>> Jul 27, 2012
The huge amount of money that can be spent on home repairs was the theme of a very funny 1986 movie starring Tom Hanks and Shelly Long. The title of the film ‘The Money Pit’ says it all. Something for first homebuyers to consider is the fact that the idea for the film originated from the large number of real life tales circulating among the general populace.
Problems with a house may not be obvious to the untrained eye. Faults with foundations, electrical system, plumbing and the roof can be very expensive to remedy. A ‘maintenance free’ home may be one that has not been maintained for 25 years. No need to worry about a newly constructed home though is there? Not true say experts, have any home you are thinking of buying inspected.
And that is the answer – have a fully qualified housing inspector check the house and provide buyers with a detailed report. The average fee Australia wide for this service is $500. Some building inspection services will even check a new house as it goes through the various construction stages so that any faults are found before they are covered up. They will check that the builder is sticking with the approved plans and complying with all of the regulations.
Real estate advisors list quite a number of other potential traps that first home buyers should be alert to: The naïve assumption that interest rates will not go up. Buyers should factor interest rate rises into their financial situation and be prepared to handle a 3 – 4 % rise.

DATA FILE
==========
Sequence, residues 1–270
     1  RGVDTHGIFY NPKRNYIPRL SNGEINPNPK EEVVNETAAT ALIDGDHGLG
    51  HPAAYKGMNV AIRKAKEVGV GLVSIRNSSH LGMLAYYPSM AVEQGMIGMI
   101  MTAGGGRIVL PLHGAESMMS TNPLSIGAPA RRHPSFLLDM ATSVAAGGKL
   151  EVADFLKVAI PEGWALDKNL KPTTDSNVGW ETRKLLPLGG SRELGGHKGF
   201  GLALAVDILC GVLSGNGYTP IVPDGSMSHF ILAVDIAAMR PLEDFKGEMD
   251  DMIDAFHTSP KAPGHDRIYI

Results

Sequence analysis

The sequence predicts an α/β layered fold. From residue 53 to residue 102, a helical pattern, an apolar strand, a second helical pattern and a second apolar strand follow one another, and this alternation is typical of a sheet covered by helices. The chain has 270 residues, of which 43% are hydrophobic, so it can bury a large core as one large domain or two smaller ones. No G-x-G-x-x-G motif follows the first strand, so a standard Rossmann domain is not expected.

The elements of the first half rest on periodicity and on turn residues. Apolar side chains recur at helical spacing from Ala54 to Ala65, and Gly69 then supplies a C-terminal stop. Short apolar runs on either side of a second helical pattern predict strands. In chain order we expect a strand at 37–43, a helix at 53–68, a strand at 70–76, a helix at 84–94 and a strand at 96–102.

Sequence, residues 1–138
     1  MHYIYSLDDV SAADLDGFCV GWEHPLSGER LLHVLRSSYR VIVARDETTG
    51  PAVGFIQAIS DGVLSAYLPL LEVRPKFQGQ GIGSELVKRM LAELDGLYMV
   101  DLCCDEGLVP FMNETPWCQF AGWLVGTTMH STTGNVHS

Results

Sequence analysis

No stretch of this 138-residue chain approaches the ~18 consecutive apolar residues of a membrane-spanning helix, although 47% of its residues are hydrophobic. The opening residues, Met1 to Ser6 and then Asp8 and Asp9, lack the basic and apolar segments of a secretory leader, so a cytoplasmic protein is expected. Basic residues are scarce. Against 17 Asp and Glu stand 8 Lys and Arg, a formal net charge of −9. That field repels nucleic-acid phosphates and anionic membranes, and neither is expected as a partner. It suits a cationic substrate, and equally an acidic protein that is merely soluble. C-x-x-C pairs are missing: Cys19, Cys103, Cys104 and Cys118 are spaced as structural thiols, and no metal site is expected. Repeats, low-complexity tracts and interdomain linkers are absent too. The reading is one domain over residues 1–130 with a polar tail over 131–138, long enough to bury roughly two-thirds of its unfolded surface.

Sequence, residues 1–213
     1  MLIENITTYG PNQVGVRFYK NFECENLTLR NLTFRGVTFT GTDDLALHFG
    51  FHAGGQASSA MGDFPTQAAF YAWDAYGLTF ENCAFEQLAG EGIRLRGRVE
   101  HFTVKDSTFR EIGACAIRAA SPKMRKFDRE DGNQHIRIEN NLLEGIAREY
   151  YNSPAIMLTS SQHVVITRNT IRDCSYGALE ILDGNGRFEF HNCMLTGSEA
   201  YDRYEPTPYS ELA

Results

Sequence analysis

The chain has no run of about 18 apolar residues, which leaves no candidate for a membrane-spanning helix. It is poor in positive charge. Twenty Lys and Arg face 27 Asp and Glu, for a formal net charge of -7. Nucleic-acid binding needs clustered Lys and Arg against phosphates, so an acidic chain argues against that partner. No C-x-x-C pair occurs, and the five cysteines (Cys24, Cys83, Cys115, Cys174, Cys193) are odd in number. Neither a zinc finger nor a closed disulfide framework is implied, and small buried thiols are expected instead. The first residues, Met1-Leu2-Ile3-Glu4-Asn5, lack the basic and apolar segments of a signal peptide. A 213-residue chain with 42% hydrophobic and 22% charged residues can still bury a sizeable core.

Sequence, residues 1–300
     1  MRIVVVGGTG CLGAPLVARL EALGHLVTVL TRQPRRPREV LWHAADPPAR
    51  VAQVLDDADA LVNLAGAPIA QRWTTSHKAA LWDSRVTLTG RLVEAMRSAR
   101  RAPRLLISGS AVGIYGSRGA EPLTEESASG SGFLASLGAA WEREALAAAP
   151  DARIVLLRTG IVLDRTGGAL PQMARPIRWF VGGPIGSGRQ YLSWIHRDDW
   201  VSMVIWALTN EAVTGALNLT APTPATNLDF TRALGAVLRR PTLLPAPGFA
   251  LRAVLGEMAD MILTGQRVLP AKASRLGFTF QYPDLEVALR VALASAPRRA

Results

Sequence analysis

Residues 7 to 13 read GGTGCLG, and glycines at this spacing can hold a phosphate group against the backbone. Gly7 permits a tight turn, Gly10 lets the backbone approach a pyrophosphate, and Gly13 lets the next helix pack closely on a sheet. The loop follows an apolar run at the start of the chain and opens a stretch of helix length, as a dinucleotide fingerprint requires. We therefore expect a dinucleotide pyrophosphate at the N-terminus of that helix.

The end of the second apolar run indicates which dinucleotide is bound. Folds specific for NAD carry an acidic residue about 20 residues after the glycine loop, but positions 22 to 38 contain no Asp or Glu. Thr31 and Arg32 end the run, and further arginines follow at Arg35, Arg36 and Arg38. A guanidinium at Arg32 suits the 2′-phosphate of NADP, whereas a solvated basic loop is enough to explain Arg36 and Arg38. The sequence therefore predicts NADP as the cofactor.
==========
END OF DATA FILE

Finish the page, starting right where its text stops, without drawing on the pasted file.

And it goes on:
Failure to be aware of the full costs of home purchase can be another problem. Items such as mortgage insurance, stamp duties, rates and body corporate fees all add to what comes out of the pocket. At one time the cost of mortgage insurance was added to the loan but this practice has ceased and the buyer must now pay with his / her own money.
Another scary one is what can result from non-payment of the deposit until finance is approved. The deposit is usually required within 3 days of the sale. Buyers thinking they can reduce their risk by holding off paying the deposit until finance is forthcoming may find themselves in a sticky situation. The standard contract says that if you want to cancel the contract because finance has not been approved you must not be in breach of any other part of the contract. Failing to pay the deposit can be in breach of the contract and therefore you would not be able to cancel the contract
The above are some of the dangers homebuyers need to be aware of. There are many more. Keep your eye out and be through with your research. Steer clear of deals that look ‘to good to be true’ as you know what, they probably are.